|A revised law allowing the import of used ships has raised controversy as some experts think that it is profitable while others are afraid of its serious impact on the environment. — Photo baodautu.vn
HA NOI (VNS) — A revised law allowing the import of used ships has inspired spirited debate amongst authorities and experts. While some believe the law will boost the profitable shipping industry, others are afraid serious environmental impacts will occur if not strictly controlled.
Under the revised Law on Environmental Protection, set to go into effect on January 1 next year, individuals and enterprises may import old ships intended for demolition provided they satisfy environmental requirements.
Duong Thanh An, Director of the Department of Policy and Legal Affairs of the Viet Nam Environmental Administration, said that importers are required to prepare an application package that includes an environmental protection dossier. The dossier includes a declaration of the actual state of the ship, a written commitment to abide by environmental standards and a copy of the ship yard's certificate of satisfaction of environmental protection conditions.
"Environmental damage insurance is also a must," An said.
A profitable industry
The Viet Nam Maritime Administration explained in its draft decree that recycling ships would be a huge and high-quality source of material for the country's steel industry.
In 2012, Viet Nam had to import nearly 4 million tonnes of scrap steel, mostly from China. Since 2012, the need for steel imports reportedly increased by 2.5 million due to a number of newly operating electrical steel companies.
"The permission to import these ships will benefit the economy and create a lot of employment opportunities for labourers," said the administration's director, Nguyen Nhat.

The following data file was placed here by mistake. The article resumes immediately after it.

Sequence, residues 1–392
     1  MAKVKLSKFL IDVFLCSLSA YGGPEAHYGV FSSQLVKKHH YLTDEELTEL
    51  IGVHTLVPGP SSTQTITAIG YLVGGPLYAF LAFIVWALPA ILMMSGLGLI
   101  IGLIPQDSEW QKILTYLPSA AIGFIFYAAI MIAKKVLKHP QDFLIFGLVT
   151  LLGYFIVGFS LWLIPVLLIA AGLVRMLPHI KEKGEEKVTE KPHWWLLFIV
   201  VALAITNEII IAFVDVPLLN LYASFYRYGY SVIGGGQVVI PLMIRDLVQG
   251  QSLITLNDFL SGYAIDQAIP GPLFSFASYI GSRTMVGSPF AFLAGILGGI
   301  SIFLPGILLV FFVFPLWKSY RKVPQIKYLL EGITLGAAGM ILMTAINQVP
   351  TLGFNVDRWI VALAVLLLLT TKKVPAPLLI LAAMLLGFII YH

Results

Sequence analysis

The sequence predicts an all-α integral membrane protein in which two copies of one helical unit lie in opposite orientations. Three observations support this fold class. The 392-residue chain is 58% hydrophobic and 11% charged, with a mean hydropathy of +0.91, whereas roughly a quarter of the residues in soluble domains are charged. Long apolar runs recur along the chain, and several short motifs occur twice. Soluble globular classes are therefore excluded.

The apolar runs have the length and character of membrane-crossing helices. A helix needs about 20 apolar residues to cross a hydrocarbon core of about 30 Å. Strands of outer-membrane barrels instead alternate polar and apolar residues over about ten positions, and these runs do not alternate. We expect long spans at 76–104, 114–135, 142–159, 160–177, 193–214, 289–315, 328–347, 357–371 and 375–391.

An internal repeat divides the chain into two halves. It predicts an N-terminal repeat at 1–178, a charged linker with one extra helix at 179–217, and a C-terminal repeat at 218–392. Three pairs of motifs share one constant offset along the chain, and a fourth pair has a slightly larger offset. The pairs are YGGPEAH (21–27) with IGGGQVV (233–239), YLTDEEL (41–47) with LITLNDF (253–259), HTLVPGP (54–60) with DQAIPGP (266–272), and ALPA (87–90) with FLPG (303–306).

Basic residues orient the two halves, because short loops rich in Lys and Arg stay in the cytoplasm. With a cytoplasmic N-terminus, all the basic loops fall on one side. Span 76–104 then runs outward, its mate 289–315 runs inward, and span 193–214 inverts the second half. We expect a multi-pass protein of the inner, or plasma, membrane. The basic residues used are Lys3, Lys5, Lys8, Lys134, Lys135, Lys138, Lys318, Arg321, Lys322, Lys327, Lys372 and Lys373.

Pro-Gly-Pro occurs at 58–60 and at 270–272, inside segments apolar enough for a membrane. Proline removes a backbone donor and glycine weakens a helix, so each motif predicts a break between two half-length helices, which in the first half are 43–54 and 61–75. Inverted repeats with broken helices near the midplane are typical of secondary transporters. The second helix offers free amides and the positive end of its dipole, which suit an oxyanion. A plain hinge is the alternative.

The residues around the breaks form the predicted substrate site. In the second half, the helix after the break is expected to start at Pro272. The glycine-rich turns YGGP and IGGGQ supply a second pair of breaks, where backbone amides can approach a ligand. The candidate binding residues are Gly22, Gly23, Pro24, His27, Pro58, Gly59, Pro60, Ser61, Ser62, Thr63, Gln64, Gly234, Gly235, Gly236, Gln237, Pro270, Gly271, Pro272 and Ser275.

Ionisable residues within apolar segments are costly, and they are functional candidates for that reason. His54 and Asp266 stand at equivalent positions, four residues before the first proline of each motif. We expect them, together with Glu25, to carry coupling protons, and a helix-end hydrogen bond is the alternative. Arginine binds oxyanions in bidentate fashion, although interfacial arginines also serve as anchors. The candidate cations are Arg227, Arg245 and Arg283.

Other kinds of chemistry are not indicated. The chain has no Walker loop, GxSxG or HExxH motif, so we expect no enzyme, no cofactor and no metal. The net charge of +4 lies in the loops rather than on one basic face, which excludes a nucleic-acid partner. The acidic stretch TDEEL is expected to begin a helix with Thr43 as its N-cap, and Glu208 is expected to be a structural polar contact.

"More importantly, it will create opportunities and solutions necessary for survival of the nation's ship building industry, which is undergoing a quite difficult time," he said.
According to the maritime administration, ship builders in Viet Nam have recently seen fewer contracts for ship building and repairs. Meanwhile, enterprises that demolish and recycle used ships have plenty of experienced labourers with nothing to do.
Do Thai Binh, a shipbuilding engineer from HCM City's Marine Science and Technology University, is in favour of the new import allowance. He argues that countries should have a ship demolishing and recycling industry, especially true for a developing Viet Nam.
Such an industry is inherently beneficial to the environment since it reuses scraps and old machines from ships, he told Dat Viet (Viet Land) newspaper. Citing the experiences of Bangladesh and Germany, he said only 3-4 per cent of a used ship cannot be reused and recycled.
Despite Binh's favourable stance, he stressed the importance of ensuring environmentally sound practices in the demolishing and recycling process.
"The regulations shouldn't be only those on paper. Recycling enterprises should be inspected carefully to determine how best to deal with toxic waste from the ships," he said.
He added that there must be a specialised team to address all the potential environmental threats, including old paint and oily bilge water.
Professor Pham Ngoc Dang, Vice President of the Viet Nam Association for Environment and Nature Protection, also warned about the threats of toxic wastes such as oil, asbestos and heavy metals like mercury, lead, copper, zinc, aluminium and iron.
He said that, many people spoke only of the potential profits to businesses and the State budget; the demolition of a big ship could bring in millions of dollars. However, he was skeptical of such talk.
"I believe the profit can only be gained if enterprises ignore the intricacies of the waste treatment process," he said.
Do Huu Hao, President of the Viet Nam Environmental Industry Association, urged for strict regulations to be imposed on import enterprises.
"The most important thing is that import enterprises must own a large area for such work and they must have waste treatment capacities in place," he said.
"All the processes and products must be in accordance with the country's environmental standards for solid and liquid waste treatment," he said.
Deputy Minister of Transport, Nguyen Van Cong said that the ministry requested the addition of detailed regulations regarding the conditions for the import and demolition of used ships.
"Enterprises engaged in these activities must satisfy all conditions regarding capacity, experience and environmental protection," he said.
The ministries of transport and natural resources and environment have set criteria for ships which could be imported and Vietnamese enterprises that are permitted to do so. — VNS